*I was asked last week about column 15, “Key Derby Preps,” on the historical criteria spreadsheet. The numbers that appear there are simply how many such races a horse started in while prepping. Qualifying races were determined by the total number of Derby starters that emerged from each race, as well as the total number that finished ITM in the Derby, 1998-2008. A dozen races rated highly on both counts. It’s a quick measure of contenders’ preps, based on recent trends. Kevin Martin of Colin’s Ghost has done much deeper research on Derby preps: I recommend his work for more insight into using historical trends for judging prep races.

Live Blogging, Etc.

Although I’ve done a few, I’m not much a fan of live blogs. The form seems too of-the-moment, prone to near-instant staleness, and it’s tricky, keeping up with the flow of whatever happening and doing so quickly and pithily and with some depth. But, I’d been curious for some time about Cover It Live, the live blogging service I used on Monday, and the Eclipse Awards seemed a good spot to experiment. The results were mixed …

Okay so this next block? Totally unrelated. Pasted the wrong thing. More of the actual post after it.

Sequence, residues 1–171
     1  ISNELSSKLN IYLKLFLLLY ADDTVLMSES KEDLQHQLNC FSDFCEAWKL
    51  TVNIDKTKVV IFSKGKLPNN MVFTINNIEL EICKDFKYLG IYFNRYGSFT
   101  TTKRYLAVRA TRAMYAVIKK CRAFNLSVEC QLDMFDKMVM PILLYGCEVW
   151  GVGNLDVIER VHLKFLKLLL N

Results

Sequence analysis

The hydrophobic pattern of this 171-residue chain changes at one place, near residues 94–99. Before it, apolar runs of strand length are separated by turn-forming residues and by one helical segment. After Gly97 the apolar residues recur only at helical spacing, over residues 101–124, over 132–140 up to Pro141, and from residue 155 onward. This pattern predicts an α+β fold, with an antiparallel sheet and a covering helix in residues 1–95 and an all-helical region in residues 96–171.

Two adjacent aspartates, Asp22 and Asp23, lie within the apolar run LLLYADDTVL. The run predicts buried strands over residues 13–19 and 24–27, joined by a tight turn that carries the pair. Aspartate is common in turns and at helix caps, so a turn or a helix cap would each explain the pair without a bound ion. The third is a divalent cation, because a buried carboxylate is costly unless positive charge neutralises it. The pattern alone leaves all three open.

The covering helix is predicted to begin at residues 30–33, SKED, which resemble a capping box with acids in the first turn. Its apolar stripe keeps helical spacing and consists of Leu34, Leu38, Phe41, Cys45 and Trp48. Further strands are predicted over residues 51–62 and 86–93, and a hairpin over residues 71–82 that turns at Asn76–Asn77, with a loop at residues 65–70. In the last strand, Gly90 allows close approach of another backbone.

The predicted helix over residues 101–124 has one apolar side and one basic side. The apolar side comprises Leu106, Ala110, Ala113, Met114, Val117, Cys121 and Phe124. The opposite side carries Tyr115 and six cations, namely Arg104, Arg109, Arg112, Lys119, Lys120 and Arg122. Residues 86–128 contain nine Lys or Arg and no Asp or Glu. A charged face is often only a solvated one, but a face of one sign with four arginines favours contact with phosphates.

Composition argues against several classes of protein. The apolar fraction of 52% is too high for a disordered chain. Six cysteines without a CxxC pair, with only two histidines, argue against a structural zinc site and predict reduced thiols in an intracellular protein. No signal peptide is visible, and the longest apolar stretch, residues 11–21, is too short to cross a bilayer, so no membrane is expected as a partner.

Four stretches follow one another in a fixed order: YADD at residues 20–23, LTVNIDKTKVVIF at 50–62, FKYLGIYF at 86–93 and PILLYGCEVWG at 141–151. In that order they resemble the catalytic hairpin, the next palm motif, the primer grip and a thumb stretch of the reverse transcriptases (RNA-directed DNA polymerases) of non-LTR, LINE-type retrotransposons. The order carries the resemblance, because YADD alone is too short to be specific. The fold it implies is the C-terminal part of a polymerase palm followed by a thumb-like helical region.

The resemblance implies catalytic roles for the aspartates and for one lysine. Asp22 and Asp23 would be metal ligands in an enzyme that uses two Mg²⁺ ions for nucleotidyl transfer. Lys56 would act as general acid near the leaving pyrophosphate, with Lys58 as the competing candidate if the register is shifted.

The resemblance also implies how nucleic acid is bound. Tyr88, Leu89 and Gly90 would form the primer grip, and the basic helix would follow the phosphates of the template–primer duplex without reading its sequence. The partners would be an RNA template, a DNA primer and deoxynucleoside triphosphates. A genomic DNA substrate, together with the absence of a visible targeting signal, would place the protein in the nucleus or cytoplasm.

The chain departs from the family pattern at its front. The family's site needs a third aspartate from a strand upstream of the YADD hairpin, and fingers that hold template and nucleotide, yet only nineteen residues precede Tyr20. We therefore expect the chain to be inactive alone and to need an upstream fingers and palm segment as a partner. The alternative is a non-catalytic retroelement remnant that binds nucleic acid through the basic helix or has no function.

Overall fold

On the positive side: Cover It Live has a decent mobile interface, which made it possible to update from the backstage or ballroom, it’s easy to add feeds from services such as Twitter (as well as live video streaming), and photos posted via other services pop up in the stream. The best feature was its handling of comments, which appeared throughout the blog, chat-like. (My thanks to everyone who participated!)

On the negative side: This probably says more about how I prefer to work, but I found Cover It Live made me feel somewhat pressured to be on the blog at all times — updating it, approving comments — and that I was fiddling with the service (and Twitter) on my phone far more than I would have liked. Instead of following connections or observing a scene from the corner, making notes and taking photos all the while that I would later turn into posts, I felt I was doing a lot of tapping without adding a lot of substance. Not good.